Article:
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Daily Rounds: Hip-Bone Shaving; Europe Bans Airport X-Rays; Psych Med Nation; Antibiotic Mapping

Hip procedure grows popular despite doubt (The New York Times) - "Some sports medicine researchers are asking: where is the evidence that shaving bone helps? Might the bumps or irregular shapes they call impingement be just normal variations? Does the shaved bone grow back? And it is not just professional athletes who are having the operation. Now some surgeons are even operating on teenage athletes with hip pain."(nytimes.com)

Europe bans X-ray body scanners used at US Airports (ProPublica) - "The European Union on Monday prohibited the use of X-ray body scanners in European airports, parting ways with the U.S. Transportation Security Administration, which has deployed hundreds of the scanners as a way to screen millions of airline passengers for explosives hidden under clothing." (ProPublica)

Psychiatric drug use spreads (Wall Street Journal) - "The medicating of Americans for mental illnesses continued to grow over the past decade, with one in five adults now taking at least one psychiatric drug such as antidepressants, antipsychotics and anti-anxiety medications, according to an analysis of pharmacy-claims data.Among the most striking findings was a big increase in the use of powerful antipsychotic drugs across all ages, as well as growth in adult use of drugs for attention-deficit hyperactivity disorder, a condition typically diagnosed in childhood. Use of ADHD drugs such as Concerta and Vyvanse tripled among those aged 20 to 44 between 2001 and 2010." (WSJ - subscription needed to read more.)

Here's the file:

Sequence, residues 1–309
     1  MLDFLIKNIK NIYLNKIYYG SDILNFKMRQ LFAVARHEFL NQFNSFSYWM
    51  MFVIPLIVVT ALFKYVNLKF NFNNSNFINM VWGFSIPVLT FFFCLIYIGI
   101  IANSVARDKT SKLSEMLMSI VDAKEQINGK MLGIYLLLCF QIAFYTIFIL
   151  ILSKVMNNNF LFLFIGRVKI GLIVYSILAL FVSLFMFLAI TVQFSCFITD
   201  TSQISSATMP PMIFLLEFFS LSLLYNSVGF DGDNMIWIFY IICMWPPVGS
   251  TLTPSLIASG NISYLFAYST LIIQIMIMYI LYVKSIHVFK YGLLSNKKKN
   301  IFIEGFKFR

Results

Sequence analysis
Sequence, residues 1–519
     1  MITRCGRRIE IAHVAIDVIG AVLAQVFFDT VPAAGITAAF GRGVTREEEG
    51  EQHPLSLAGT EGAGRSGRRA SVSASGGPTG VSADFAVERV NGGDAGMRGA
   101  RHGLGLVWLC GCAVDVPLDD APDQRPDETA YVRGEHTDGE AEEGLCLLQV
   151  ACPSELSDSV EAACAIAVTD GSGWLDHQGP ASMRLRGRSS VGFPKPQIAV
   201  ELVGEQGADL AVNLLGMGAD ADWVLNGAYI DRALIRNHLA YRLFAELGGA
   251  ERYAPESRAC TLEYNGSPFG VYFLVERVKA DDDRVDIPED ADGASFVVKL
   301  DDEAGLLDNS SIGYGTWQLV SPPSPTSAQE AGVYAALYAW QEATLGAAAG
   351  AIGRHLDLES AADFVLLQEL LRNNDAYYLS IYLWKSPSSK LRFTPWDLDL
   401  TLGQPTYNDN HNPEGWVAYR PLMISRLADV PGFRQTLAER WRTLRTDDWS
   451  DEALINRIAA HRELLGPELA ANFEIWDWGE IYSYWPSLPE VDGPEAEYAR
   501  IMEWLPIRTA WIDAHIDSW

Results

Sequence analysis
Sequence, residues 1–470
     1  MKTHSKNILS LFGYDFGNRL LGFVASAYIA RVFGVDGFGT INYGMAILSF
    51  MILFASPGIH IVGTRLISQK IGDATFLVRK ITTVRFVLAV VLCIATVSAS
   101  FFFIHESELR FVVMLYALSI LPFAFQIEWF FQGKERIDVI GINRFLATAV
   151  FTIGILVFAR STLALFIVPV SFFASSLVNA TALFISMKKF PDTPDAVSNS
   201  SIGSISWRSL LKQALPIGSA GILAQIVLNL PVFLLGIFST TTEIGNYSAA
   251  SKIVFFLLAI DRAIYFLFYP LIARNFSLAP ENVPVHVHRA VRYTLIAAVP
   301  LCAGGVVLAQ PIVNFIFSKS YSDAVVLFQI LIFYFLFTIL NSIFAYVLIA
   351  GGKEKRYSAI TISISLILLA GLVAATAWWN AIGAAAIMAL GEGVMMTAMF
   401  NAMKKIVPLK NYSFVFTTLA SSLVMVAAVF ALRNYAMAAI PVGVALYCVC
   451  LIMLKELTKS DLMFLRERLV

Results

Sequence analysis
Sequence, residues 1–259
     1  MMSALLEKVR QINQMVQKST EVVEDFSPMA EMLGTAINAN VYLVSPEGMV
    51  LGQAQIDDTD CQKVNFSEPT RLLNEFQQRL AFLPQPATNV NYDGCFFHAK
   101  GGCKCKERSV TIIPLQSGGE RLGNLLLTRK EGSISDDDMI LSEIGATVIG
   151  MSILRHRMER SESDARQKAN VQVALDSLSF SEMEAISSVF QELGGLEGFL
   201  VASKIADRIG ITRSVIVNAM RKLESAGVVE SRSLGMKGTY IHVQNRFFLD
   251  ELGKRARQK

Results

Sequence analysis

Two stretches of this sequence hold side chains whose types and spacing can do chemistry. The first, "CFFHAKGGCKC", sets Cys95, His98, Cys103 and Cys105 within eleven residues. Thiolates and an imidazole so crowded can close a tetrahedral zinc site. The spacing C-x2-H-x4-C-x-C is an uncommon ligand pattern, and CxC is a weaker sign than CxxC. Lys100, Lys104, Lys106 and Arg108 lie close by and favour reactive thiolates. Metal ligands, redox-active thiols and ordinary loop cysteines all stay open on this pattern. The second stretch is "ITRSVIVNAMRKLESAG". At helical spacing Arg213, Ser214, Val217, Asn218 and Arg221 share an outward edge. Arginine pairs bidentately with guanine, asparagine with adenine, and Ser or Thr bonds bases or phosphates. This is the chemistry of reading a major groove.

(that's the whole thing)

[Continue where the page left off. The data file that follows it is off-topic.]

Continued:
Antibiotic use higher in East than West (USA Today) - "Antibiotic use varies widely in the USA, with those in Eastern states more likely to use them than those in the West, according to research out Wednesday. From 2006 to 2007, West Virginians got 1,222 prescriptions per 1,000 people. That's more than twice the antibiotic use of Alaska, the lowest, with 546 prescriptions per 1,000 people." (USA Today)

This program aired on November 16, 2011. The audio for this program is not available.

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